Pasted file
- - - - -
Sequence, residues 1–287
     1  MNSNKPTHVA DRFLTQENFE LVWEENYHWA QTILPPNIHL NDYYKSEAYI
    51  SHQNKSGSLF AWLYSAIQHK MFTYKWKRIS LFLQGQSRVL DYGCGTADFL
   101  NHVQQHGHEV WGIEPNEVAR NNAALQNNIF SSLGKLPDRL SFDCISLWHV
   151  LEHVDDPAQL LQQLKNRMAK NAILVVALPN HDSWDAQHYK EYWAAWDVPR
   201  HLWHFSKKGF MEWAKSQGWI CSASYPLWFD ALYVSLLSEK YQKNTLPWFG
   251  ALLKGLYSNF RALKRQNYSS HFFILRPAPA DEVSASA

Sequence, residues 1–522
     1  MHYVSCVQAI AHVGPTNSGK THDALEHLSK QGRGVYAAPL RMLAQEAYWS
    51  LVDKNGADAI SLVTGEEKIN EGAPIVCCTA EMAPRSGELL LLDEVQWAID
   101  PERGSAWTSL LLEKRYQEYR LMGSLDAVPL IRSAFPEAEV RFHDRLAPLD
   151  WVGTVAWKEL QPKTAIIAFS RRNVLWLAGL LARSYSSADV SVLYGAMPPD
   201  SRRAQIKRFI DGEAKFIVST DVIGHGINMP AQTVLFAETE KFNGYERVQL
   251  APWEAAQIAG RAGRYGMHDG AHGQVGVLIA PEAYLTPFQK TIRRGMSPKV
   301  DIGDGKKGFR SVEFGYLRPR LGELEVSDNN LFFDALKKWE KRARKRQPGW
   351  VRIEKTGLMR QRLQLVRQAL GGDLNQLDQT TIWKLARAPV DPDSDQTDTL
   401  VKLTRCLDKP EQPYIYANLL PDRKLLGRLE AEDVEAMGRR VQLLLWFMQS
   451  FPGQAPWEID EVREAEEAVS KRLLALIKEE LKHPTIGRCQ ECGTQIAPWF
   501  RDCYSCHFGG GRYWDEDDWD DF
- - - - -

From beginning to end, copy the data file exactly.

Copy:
Sequence, residues 1–287
     1  MNSNKPTHVA DRFLTQENFE LVWEENYHWA QTILPPNIHL NDYYKSEAYI
    51  SHQNKSGSLF AWLYSAIQHK MFTYKWKRIS LFLQGQSRVL DYGCGTADFL
   101  NHVQQHGHEV WGIEPNEVAR NNAALQNNIF SSLGKLPDRL SFDCISLWHV
   151  LEHVDDPAQL LQQLKNRMAK NAILVVALPN HDSWDAQHYK EYWAAWDVPR
   201  HLWHFSKKGF MEWAKSQGWI CSASYPLWFD ALYVSLLSEK YQKNTLPWFG
   251  ALLKGLYSNF RALKRQNYSS HFFILRPAPA DEVSASA

Sequence, residues 1–522
     1  MHYVSCVQAI AHVGPTNSGK THDALEHLSK QGRGVYAAPL RMLAQEAYWS
    51  LVDKNGADAI SLVTGEEKIN EGAPIVCCTA EMAPRSGELL LLDEVQWAID
   101  PERGSAWTSL LLEKRYQEYR LMGSLDAVPL IRSAFPEAEV RFHDRLAPLD
   151  WVGTVAWKEL QPKTAIIAFS RRNVLWLAGL LARSYSSADV SVLYGAMPPD
   201  SRRAQIKRFI DGEAKFIVST DVIGHGINMP AQTVLFAETE KFNGYERVQL
   251  APWEAAQIAG RAGRYGMHDG AHGQVGVLIA PEAYLTPFQK TIRRGMSPKV
   301  DIGDGKKGFR SVEFGYLRPR LGELEVSDNN LFFDALKKWE KRARKRQPGW
   351  VRIEKTGLMR QRLQLVRQAL GGDLNQLDQT TIWKLARAPV DPDSDQTDTL
   401  VKLTRCLDKP EQPYIYANLL PDRKLLGRLE AEDVEAMGRR VQLLLWFMQS
   451  FPGQAPWEID EVREAEEAVS KRLLALIKEE LKHPTIGRCQ ECGTQIAPWF
   501  RDCYSCHFGG GRYWDEDDWD DF